How to choose the right bird cage for your parrot

So you’ve decided to add a bird to your family! Congratulations! Birds make great pets and companions and can even help with symptoms of depression

Depending on the bird you bring home, you’ll want to provide her a cage that is appropriate for her size, feeding and activity needs. 

Below is a quick overview of things you’ll want to consider when choosing the best cage for your feathery family member.

You might think the size of the actual cage is the most important aspect, but it’s not. While it is very important you have a cage big enough for your bird to move around in freely and have plenty of toys, there’s one thing more important than that and that is safety! That leads us to our first item of consideration:

Bar Spacing

Bar spacing is just that: the space between the bars of the cage.  Bar spacing generally ranges from 1/4 inch to 1 1/2 inches in increments of 1/8 inch. Most bird cages will have bar spacing sizes of 1/2 inch, 3/4 inch, and 1 inch. 

So how do you know the proper bar spacing for your bird? Bar spacing should be sized in a way that doesn’t allow escape and prevents injuries but also promotes physical and developmental activity like climbing, hopping and playing.

Still unsure what the right bar spacing for your bird is? Here’s a guide by species that will help make it easier to determine:


Size

Examples of Species

Min Bar Spacing

Max Bar Spacing

Small birds

Budgies (Parakeets), Canaries, Doves, Finches, Parrotlets

1/4”

½”

Small-medium birds

Cockatiels, Lovebirds

½”

⅝”

Medium birds

Caiques, Conures, Jardines, Lories, Senegals

⅝”

¾”

Large birds

African Greys, Amazons, Severe and Hahn's Macaws

¾”

1”

Extra large birds

Large Cockatoos and Macaws

1”

1.5”


Cage Size

Obviously you want your bird to have ample cage space. And the more time your bird spends in her cage, the larger you’ll want it to be. If you have your bird out of its cage most of the day, the minimum sizes below should be sufficient. But if you are gone for long periods and your bird only gets out for an hour or two, you may want to consider a cage where she has room to fly a bit.

You’ll also need to take into consideration how many toys you’ll have in her cage. Don’t over stuff it so she can’t move around easily. A cage too small or too cramped with toys could result in health or behavioral issues.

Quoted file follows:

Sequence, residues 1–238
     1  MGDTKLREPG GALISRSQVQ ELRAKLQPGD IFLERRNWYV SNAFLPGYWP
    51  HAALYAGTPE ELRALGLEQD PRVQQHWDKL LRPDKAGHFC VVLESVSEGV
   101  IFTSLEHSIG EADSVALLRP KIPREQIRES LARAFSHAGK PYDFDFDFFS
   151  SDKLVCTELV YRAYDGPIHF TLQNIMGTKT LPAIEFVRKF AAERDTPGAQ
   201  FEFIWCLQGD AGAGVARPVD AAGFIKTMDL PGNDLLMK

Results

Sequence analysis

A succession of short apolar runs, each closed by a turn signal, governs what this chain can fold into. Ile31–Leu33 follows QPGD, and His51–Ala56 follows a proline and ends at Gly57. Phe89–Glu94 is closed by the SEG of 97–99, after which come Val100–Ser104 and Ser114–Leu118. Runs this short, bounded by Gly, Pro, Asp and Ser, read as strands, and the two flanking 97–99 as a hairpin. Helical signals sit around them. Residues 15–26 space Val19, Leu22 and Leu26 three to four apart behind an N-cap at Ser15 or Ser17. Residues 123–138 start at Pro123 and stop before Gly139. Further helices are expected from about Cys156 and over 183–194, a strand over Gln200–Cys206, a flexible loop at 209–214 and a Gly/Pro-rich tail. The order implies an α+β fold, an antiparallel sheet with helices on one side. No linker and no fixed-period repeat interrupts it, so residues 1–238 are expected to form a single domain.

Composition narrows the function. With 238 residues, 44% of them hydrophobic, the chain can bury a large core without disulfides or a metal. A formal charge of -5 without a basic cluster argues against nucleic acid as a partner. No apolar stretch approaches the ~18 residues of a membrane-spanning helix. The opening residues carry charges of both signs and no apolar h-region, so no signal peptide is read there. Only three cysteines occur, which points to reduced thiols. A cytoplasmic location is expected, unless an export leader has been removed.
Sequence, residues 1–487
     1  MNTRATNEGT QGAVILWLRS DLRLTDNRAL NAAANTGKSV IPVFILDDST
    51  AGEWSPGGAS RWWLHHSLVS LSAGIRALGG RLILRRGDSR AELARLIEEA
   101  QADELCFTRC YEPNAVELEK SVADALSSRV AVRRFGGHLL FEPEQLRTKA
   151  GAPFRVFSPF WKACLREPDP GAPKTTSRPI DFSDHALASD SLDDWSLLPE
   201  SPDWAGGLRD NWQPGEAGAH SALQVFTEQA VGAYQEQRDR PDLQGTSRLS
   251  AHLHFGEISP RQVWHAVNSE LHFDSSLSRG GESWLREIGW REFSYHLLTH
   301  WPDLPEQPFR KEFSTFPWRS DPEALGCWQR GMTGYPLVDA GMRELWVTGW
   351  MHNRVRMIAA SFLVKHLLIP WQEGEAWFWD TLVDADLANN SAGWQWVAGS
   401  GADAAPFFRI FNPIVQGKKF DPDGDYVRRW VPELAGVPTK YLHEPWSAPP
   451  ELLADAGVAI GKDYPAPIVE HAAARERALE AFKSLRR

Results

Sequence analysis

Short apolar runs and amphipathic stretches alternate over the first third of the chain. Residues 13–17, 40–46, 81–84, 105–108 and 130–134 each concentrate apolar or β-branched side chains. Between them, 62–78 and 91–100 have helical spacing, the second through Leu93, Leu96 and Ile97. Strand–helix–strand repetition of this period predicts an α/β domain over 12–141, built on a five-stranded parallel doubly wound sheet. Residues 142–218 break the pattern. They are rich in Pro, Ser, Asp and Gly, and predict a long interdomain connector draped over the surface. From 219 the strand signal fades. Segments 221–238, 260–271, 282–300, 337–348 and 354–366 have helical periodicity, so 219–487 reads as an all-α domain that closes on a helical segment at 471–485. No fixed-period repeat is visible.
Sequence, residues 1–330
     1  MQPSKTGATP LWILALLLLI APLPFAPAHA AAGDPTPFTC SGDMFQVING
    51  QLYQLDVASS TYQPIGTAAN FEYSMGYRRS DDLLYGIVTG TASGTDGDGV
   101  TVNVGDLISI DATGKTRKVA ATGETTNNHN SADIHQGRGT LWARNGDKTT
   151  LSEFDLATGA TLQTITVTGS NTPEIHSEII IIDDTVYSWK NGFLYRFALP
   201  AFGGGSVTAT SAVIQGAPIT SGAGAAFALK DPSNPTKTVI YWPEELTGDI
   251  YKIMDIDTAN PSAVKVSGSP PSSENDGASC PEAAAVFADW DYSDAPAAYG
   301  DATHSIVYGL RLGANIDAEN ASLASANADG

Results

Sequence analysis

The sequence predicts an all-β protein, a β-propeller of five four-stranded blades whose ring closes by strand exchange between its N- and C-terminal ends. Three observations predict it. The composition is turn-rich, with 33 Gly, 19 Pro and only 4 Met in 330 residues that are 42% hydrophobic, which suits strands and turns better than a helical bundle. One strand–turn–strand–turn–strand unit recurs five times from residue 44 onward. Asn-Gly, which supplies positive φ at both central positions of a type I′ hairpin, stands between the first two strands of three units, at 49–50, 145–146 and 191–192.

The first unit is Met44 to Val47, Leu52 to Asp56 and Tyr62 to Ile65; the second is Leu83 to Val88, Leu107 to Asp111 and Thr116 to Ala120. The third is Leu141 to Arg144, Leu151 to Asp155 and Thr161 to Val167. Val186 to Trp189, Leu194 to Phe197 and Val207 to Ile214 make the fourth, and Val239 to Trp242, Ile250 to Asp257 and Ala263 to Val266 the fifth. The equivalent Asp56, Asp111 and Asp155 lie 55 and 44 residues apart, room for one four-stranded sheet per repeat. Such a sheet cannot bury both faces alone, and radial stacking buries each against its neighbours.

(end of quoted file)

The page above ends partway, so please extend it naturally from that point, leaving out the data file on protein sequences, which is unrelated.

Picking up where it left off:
Size

Examples of Species

Min

Cage Size

Small birds

Budgies (Parakeets), Canaries, Doves, Finches, Parrotlets

18” x 18”

Small-medium birds

Cockatiels, Lovebirds

20” x 20”

Medium birds

Caiques, Conures, Jardines, Lories, Senegals

24” x 24”

Large birds

African Greys, Amazons, Severe and Hahn's Macaws

32 x 24”

Extra large birds

Large Cockatoos and Macaws

36” x 24”


Remember, these are minimum sizes for cages for each sized bird. If you have more than one bird, you will want a bigger cage. And if your bird needs to stay in a cage a lot, you may consider a flight cage, aviary, breeder cage or corner cage to extend the space your feathered friend has to fly and move about freely. 

Cage Style

There are a few things to consider when it comes to style. One is material. There are two basic types: stainless steel and powder coated. Powder coated options cost quite a bit less and have multiple colors to choose from. They tend to be a good option for a first-time bird owner. Stainless steel cages, however, cost more but last far longer, are easier to clean and are considered to be healthier for your bird especially over an older model powder coated cage. 

Over time a powder coated cage can begin to chip and fragments will come loose making the cage less easy to clean and could cause harm if your bird ingests the coating. While powder coating has improved dramatically in the past several years, if you have the budget for it, we do recommend stainless steel cages. Don’t worry - they are worth the money as it will be the last cage you ever have to buy! 

You might also consider the top of the cage - do you want to play top cage or a dome top cage? Both offer a place for your parrot to play but a play top might offer more versatility in activities as well as the option to change out toys and offer a feeding area.  This is great for birds who spend a vast majority of time outside their cages.

Bells and whistles - literally!

It’s not uncommon for birds to enjoy toys that might have a bell on them. Hanging rope bird toys are a classic example. And while they can’t blow a whistle, a happy bird will often whistle on his own. With all the toys to choose from, find the one (or several) your bird loves to play with. You can experiment with hanging toys, foraging toys, perches with toys, etc. Again, many cages have a play top but if yours doesn’t, it’s important you provide a separate bird play stand area and a few perches outside the cage so your bird can get the exercise and development she needs to stay happy and healthy. 

What you’re purchasing isn’t a cage to keep your bird locked up in all the time. Rather it’s a habitat - or really its home - your bird will frequent when it’s time to sleep or you need to be away for enough time that you don’t feel it safe to leave your bird out and about. So, just like you’d buy your pup the right size, cushion, comfort and style of dog bed, you also want to provide your feathered friend with a home they’ll want to return to for their own comfort.